4 reasons 4 billion people are still offline

Image: internet.org by Facebook

Arwen Armbrecht
Writer and social media producer, Freelance
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The world took yet another small step towards becoming fully connected in 2015. An estimated 3.2 billion people are now online, up from 3 billion in 2014, according to a new report published by Facebook. But this means that a further 4.1 billion people, over half of the world's population, are without any internet connection at all.

The ITU's Connect 2020 Agenda calls for at least 50% of developing nations' households to have internet access by 2020 and to reduce the cost and discrimination which is keeping many from being online. Without a coordinated approach to connectivity, however, the ITU estimates that nearly 3 billion people will remain offline in 2020, almost all of them in developing nations.

In their study of global connectivity, Facebook identified four main barriers which continue to keep the ITU's ambitious plan out of reach, and highlights the ways we can overcome these challenges. As the report points out: "These barriers do not arise in isolation, nor can they be addressed in isolation. They function as a cluster, each one affecting the others."


Availability of the internet depends on people's ability to access the web through a number of different means including wired, wireless or satellite connections. Despite the various ways of obtaining an internet connection, coverage remains limited for many.

Mobile network connections have aided in closing the availability gap. As much as 96% of the world's population does, in theory, have some access to a 2G network, but this technology will only cover basic data connectivity. At least 1.6 billion people have no access to 3G or 4G at all.

Not surprisingly, the lack of better data access is largely economic.

Reliable service at a reasonable cost remains out of reach for many. Changing this has led to a chicken and egg scenario for service providers. In order to create a more reliable network, providers would have to invest in new and better infrastructure. There are also significant costs in maintaining a rural mobile network architecture. Such a significant investment would require a return that is at present unlikely. In addition to being relatively low income, the populations of these regions show a fairly low demand for online services, partially because they don't see what the internet could do to enrich their lives.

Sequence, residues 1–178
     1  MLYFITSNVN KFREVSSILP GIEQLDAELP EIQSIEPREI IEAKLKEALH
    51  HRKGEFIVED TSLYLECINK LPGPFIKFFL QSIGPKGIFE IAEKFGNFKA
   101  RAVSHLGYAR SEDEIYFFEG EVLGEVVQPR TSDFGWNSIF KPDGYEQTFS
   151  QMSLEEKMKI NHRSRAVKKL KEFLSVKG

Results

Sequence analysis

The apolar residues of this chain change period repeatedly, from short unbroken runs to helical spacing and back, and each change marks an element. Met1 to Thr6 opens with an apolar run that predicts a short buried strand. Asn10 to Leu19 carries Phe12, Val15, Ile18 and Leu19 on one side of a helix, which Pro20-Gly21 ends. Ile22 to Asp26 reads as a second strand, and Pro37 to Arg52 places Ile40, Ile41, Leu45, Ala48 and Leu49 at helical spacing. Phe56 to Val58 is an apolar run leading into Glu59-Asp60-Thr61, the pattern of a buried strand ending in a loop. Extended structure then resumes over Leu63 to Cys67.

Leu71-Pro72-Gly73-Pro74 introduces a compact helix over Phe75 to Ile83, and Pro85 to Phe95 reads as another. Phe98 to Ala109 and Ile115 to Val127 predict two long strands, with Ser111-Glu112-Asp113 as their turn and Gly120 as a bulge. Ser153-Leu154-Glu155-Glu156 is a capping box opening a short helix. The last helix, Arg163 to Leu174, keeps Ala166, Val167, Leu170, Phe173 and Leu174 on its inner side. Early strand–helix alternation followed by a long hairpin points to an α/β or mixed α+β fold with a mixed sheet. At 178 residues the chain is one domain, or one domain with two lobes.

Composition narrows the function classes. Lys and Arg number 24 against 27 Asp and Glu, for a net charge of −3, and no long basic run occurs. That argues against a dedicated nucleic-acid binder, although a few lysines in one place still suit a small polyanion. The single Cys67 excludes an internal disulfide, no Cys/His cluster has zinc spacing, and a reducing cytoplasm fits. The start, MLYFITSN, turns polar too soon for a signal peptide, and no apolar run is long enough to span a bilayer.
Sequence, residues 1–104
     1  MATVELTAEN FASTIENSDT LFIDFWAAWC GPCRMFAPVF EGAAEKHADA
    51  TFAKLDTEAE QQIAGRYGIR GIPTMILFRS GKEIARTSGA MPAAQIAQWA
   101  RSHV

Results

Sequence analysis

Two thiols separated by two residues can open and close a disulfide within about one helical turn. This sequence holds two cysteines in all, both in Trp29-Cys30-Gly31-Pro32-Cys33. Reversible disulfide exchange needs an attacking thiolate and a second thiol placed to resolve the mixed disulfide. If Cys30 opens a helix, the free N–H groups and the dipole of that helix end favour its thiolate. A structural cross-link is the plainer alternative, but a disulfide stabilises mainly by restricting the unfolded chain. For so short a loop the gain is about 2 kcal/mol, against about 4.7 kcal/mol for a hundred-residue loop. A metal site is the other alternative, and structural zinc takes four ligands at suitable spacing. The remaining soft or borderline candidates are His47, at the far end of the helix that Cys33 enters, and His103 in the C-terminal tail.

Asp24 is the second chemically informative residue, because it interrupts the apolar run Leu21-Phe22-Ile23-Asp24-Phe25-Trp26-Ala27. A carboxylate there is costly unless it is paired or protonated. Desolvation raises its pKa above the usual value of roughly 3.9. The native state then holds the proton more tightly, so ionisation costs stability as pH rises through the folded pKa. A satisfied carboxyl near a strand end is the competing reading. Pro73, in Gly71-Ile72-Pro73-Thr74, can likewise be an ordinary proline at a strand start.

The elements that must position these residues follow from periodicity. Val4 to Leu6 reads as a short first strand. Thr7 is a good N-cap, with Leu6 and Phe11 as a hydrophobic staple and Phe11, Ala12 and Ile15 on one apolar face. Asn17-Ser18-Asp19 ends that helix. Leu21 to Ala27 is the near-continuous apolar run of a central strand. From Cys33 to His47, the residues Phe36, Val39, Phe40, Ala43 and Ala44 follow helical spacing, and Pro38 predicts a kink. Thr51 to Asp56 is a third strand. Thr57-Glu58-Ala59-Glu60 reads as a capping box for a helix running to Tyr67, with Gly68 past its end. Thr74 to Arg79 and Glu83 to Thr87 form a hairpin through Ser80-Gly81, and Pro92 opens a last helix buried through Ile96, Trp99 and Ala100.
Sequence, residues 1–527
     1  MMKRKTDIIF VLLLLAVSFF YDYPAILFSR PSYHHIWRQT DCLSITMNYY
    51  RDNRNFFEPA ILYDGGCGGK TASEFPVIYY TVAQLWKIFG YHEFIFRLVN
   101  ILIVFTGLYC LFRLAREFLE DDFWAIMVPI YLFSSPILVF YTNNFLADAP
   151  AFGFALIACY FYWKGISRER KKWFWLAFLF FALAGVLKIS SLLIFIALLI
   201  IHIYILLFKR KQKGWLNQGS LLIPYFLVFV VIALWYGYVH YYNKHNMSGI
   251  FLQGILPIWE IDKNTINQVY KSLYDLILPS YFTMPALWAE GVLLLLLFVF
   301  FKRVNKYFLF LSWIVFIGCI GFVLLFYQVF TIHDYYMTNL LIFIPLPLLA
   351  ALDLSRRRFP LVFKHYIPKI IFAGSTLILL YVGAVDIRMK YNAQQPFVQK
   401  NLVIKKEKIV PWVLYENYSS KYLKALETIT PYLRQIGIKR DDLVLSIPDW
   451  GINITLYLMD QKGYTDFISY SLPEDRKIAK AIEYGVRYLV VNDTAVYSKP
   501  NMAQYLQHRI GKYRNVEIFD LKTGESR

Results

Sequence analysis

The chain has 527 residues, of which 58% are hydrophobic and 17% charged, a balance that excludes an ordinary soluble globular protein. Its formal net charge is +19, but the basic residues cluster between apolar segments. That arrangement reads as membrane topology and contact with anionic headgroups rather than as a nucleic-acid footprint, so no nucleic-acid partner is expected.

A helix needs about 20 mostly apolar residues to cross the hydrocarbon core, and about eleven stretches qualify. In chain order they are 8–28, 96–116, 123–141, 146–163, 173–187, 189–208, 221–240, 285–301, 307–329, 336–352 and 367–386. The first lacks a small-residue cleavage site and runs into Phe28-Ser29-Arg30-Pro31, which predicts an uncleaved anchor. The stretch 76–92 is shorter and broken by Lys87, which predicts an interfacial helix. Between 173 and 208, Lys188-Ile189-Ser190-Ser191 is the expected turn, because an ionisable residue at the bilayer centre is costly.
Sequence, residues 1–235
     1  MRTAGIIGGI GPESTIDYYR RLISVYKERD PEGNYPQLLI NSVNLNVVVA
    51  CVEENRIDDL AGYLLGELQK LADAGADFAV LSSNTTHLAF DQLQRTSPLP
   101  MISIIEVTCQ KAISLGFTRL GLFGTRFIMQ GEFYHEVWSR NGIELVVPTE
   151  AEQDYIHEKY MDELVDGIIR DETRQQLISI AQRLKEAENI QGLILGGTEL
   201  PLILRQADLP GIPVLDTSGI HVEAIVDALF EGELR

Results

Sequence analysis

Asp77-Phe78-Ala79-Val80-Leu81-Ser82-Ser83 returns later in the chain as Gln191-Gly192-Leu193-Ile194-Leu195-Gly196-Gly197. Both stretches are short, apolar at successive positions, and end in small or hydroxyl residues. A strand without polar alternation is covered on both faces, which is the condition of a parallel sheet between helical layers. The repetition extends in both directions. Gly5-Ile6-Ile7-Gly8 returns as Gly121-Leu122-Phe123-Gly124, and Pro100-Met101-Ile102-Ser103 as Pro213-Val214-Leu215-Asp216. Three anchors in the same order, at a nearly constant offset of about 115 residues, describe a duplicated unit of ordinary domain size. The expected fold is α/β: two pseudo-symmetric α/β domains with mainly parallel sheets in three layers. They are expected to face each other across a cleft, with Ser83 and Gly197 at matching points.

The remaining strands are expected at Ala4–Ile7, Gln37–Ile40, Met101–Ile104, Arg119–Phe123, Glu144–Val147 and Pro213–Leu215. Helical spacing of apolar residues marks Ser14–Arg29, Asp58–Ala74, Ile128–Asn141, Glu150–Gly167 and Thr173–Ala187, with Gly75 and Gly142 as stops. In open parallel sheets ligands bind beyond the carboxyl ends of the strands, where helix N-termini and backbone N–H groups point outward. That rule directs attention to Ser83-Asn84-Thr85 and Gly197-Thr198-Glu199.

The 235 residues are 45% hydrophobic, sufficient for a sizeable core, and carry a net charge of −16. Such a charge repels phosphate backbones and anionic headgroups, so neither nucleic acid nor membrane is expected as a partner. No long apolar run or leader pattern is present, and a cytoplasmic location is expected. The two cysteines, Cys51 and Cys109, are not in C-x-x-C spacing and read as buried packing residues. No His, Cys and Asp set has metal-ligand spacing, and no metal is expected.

A remote connection site can cost twice or even three times what it does in urban areas, where return on investment would also be higher due to more demand.

Nevertheless, new and innovative solutions to these infrastructure challenges are on the rise. Traditionally, diesel generators were the primary source of electricity for mobile networks in areas where the 'grid' was unavailable. The plummeting cost of solar modules, down 75% since 2009, can help to offset this cost, especially if the price drops another projected 40% by the end of 2017.

The costly alternative of satellite technology is also being replaced with more creative solutions including drones, balloons, low/medium earth orbit satellites and high-throughput geostationary satellites.


Income remains a key barrier for many to accessing the internet. The price of data along with the cost of owning a device, a charger and other accessories is part of what is keeping people offline.

Facebook's report estimates that the cost of a 500 MB/month data plan remains financially inaccessible for 2 billion people. To developed nations, who consume almost three times as much on average, 500 MB/month might seem insufficient. That would account for only 17 websites, or 8 minutes of video per day.

Despite the wide gap in consumption between developing and developed nations, the cost of consumption is directly the opposite. On average, a person living in a developing country will spend just under 4% of their monthly income on internet expenses. People living in developed countries will spend half that amount. On the extreme ends of the spectrum, someone living in the UK will spend only half of their income on the internet while in Nigeria it can be as much as 7%.

Facebook estimates that around 500 million more people were able to access the internet in 2015 due to the rise in global incomes along with the falling prices of availability.

Ever-improving technology and steady improvements in global income will help to continue this trend, but innovative business models can also help to to accelerate this process.